An urgent review into thousands of criminal cases was launched by the Crown Prosecution Service yesterday after the credibility of an advanced form of DNA testing was called into question by the judge in the collapsed Omagh bomb trial.
All current cases in which Low Copy Number (LCN) DNA testing forms part of the evidence will be immediately scrutinised after the acquittal on all charges of Sean Hoey, the only man brought to trial for the 1998 attack in which 29 people died.
The development could open the floodgates to thousands of appeals and could also mean certain prosecutions may not be brought to court, unless other evidence is found to be compelling.
Last night, the Association of Chief Police Officers (Acpo) announced that it was suspending the use of LCN testing in all future cases pending the outcome of the CPS review.
But there will be pressure on the Justice Department to order a review of all cases where LCN DNA testing has been used to see if there have been miscarriages of justice.
The technique, which enables the analysis of a small number of cells, had been hailed as a major breakthrough that would allow DNA to be obtained from samples which hitherto had proved impossible.
But Mr Justice Weir refused to accept the technique as reliable evidence in the Belfast High Court on Thursday when he freed Mr Hoey, from South Armagh, due to a lack of evidence, saying he had decided the method was not yet at a sufficiently scientific level to be credible.
The reverberations of the verdict are being felt far beyond Belfast. As well as the CPS, the Forensic Science Regulator ordered a review, saying it had started using LCN DNA routinely in 1999 and had now used it 21,000 times. Not all of these were UK cases and it has not been the only evidence, it added. But the number of verdicts that could be appealed against may be high.
Acpo had expressed concern to the Home Office over the technique in a confidential report in August after it had instructed two experts to examine LCN DNA testing. An internal Acpo memo called on the Home Office forensic science regulator to "facilitate the creation and adoption of a national minimum technical standard for low-level DNA process such as LCN". It was marked in bold type: "This should be carried out as a matter of urgency."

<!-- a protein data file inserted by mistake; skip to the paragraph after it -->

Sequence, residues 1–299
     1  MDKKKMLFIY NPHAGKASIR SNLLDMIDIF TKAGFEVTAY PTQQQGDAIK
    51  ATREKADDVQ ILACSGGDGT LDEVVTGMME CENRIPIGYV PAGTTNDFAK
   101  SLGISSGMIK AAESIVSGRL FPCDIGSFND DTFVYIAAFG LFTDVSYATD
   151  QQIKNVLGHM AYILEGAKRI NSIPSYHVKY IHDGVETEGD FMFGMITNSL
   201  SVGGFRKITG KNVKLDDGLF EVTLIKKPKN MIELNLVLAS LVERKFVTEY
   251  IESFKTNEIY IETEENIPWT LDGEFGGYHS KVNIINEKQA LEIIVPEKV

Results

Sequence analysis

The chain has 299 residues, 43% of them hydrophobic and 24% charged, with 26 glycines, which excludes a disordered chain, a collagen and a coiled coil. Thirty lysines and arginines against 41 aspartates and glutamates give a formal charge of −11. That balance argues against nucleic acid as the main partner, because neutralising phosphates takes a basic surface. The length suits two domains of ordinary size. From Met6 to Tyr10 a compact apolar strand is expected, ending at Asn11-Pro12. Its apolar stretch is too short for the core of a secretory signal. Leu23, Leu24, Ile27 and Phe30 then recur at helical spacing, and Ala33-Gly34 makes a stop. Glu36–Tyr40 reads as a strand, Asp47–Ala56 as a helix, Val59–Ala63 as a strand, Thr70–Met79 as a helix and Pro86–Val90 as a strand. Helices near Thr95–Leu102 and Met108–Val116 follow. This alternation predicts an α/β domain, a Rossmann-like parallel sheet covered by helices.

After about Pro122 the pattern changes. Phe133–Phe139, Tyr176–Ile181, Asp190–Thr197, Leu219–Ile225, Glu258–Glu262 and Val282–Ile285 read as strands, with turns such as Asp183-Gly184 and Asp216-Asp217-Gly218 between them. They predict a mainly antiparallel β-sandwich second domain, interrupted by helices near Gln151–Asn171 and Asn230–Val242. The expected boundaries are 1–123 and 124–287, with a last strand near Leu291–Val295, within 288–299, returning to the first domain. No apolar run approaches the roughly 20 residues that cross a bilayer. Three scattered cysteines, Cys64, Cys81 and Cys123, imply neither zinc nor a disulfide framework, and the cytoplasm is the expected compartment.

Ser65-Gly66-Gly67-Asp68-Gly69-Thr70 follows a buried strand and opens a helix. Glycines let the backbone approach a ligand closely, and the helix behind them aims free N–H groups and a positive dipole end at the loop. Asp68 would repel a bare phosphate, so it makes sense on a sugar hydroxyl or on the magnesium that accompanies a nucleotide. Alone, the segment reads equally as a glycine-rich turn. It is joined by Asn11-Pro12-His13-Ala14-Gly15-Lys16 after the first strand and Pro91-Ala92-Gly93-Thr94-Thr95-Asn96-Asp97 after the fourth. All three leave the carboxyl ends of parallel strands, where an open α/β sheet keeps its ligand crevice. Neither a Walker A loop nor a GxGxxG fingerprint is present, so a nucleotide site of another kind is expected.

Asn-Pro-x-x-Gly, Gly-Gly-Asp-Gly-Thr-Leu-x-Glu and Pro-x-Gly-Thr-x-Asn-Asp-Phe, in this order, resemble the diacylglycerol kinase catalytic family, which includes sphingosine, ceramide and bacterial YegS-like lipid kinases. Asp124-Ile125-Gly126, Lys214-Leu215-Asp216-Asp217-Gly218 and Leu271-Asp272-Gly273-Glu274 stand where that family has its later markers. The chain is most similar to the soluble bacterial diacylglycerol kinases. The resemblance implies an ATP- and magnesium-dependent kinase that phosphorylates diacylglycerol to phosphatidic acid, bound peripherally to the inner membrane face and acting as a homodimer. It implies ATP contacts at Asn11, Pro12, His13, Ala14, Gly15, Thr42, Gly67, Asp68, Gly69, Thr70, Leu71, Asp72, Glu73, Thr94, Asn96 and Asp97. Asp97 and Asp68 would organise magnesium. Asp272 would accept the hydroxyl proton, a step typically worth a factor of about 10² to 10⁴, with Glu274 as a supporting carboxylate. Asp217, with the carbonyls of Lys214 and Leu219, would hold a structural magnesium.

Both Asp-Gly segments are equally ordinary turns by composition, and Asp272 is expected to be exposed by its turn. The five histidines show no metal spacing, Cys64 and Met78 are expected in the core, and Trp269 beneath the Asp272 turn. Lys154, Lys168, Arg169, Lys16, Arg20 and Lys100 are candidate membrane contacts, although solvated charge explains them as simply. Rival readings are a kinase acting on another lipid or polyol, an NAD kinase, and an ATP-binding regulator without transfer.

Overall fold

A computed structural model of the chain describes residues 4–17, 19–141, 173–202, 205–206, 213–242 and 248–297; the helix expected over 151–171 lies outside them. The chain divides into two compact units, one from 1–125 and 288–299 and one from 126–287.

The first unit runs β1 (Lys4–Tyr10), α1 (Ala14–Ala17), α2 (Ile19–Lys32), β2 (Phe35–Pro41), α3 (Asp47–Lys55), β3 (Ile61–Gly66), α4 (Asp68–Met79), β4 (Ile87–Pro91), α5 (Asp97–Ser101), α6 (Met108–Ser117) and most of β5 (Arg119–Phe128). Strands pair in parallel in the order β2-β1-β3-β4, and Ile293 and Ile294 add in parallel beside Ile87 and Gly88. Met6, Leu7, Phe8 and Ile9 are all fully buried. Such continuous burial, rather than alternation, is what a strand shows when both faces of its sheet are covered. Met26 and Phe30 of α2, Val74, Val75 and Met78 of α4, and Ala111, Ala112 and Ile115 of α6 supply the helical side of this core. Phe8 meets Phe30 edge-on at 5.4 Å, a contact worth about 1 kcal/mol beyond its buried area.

Professor Brian Caddy, who compiled an independent review for the Home Office of the forensic failures in the Damilola Taylor case, is conducting the review of LCN DNA testing and his report is expected in February. He will be taking evidence from international experts who have been sceptical about the technique.
In the Damilola Taylor case, Professor Caddy found no systemic errors at the FSS, but concluded that human error by scientists was responsible for missing a crucial blood-spot on a trainer that eventually led to a fresh prosecution and conviction.
Last year, a joint statement by the Home Office and Acpo said: "Towards the end of 2006, we became aware that a small percentage of DNA samples may need to be re-examined as a result of differences in the way forensic suppliers were using new techniques to analyse forensic material between 2000 and 2005."
Sir Hugh Orde, the Chief Constable of Northern Ireland, has ordered a review of all cases in the province involving LCN DNA evidence. He said: "I have asked for an urgent review of all cases that rely in any way, shape or form on LCN DNA." He said it was at the cutting edge of science and had been used in the Omagh charges because of his determination to do everything he could to build a case.
Shaun Woodward, the Secretary of State for Northern Ireland, said LCN DNA testing was used singly and independently as evidence in cases only rarely. That will not prevent offenders, some still in prison, from lodging appeals.